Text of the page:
Fluoride and IQ: Is There a Link?
Fluoride and IQ: Is There a Link?
Fluoride. We’re familiar with the word, but do we know exactly what it is?
Fluoride is the main component of fluorite (from the Latin Fluere meaning to flow). It’s the easily dissolved raw crystal form of fluorine, which is extremely colourful: most commonly clear greens and purples, but also black, blue, red, yellow, white and clear. As well as clear, fluorite comes in a variety of colours: black, brown, blue, green, purple, red, yellow, and white. It can present as multi-banded, or a single transparent colour.
Throughout history, the most prized has been the multi-coloured rainbow fluorite. Its softness and beauty allowed the Ancient Egyptians to carve it into beautiful beads, scarabs and statuettes of gods. The ancient Romans highly prized the multi-banded varieties, and carved them into drinking vessels, cups, vases and bowls for the wealthiest of its citizens. The Ancient Chinese also used it for decorative purposes, often using the green fluorite instead of jade for drinking vessels – all of these cultures being completely unaware of its toxicity when consumed from.
Wearing or handling it is safe; ingesting it is not.
Goddesses associated with Fluorite are the Hindu Goddess of the Spoken Word Vac, and the Roman Goddess of Wisdom and War, Minerva.
Fluorite is found worldwide. Some better-valued sources come from England, Germany, India, Russia, USA, Canada, Spain, Peru and Mexico. Rare, bright blue, as well as pink are found in France; Switzerland also has pink; and China has recently produced beautiful large, sharp, bright blue, cubic fluorite.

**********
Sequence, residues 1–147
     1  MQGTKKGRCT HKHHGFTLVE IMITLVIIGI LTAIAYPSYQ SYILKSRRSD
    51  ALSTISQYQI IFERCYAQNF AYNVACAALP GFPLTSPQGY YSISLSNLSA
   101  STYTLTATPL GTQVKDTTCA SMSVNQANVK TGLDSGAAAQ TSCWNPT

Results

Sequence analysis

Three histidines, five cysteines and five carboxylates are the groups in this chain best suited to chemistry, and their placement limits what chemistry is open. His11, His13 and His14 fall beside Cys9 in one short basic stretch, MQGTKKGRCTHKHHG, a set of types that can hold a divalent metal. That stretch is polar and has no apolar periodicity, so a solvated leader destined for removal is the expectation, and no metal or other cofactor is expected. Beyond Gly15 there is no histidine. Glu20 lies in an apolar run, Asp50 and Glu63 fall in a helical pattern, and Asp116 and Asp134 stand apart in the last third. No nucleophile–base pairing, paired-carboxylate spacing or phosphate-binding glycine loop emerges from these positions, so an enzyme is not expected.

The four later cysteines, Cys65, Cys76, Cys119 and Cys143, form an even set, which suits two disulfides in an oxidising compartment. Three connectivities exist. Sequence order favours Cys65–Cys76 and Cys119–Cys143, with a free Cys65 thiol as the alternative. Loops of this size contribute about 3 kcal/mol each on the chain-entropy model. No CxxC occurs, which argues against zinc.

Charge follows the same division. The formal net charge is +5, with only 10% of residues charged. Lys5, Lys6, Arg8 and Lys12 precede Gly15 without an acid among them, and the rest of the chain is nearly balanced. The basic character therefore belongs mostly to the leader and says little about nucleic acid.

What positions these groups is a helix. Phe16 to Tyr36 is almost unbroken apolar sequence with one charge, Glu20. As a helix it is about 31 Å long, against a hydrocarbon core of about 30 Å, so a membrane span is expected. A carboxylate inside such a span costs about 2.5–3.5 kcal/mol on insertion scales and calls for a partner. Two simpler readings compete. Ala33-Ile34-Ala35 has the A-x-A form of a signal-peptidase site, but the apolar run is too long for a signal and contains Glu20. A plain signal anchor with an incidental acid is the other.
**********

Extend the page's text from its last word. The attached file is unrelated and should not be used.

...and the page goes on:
It glows under ultraviolet light, and is one of the first substances studied for its natural fluorescence – the term comes from this mineral.
Known as the ‘Genius Stone,’ fluorite crystal has come to represent the highest of mental states and achievements, and is claimed to boost aptitude, discernment, and the absorption of new information. Apparently its energy stimulates the electrical charge of brain cells, which draws in more life force (prana) because it encourages both hemispheres to work in harmony and balance. It is considered a consciousness expander, advancing greater mental, spiritual and psychic awareness, and stirring creativity. It is said that it can clear murky auric energies from all layers of the auric body, and is excellent for pain; particularly back pain.
Fluorite is one of the most popular minerals in the world, second only to quartz.
Fluorite clusters or raw chunks are said to absorb electro-magnetic fields when placed near computers and electronics.
Some believe that having it nearby, or wearing it helps raise your IQ; while others are convinced ingesting it through public water sources and toothpastes lowers it.
So we know that from fluorite comes fluoride, well known for its tooth enamel strengthening properties, and thus its protection against cavities. In low concentrations, it’s found naturally in both fresh and salt water. Levels in animals and plants are higher near natural and manufactured fluoride emission sources; most of the fluoride in soil is insoluble and, therefore, less available to plants. But the fluoride that is present is taken up through the root and accumulates in leaves, particularly tea leaves.
Throughout the mid 1940s to the end of the 1950s, governments and public health researchers in cities around the world experimentally added fluoride to public drinking water. It was found to reduce the incidence of cavities by almost 60%. Today, fluoridated water flows through the taps of about 5% of the world’s population, and has since been hailed by the US Centers for Disease Control and Prevention as one of public health’s greatest success stories.
Today, a controversial new study links water fluoridation to lower IQ scores in young children – especially boys whose mothers drank fluoridated water while pregnant.
Long time critics extol the study; other researchers claim it is numerously flawed, and that’s what makes this research a potential bombshell.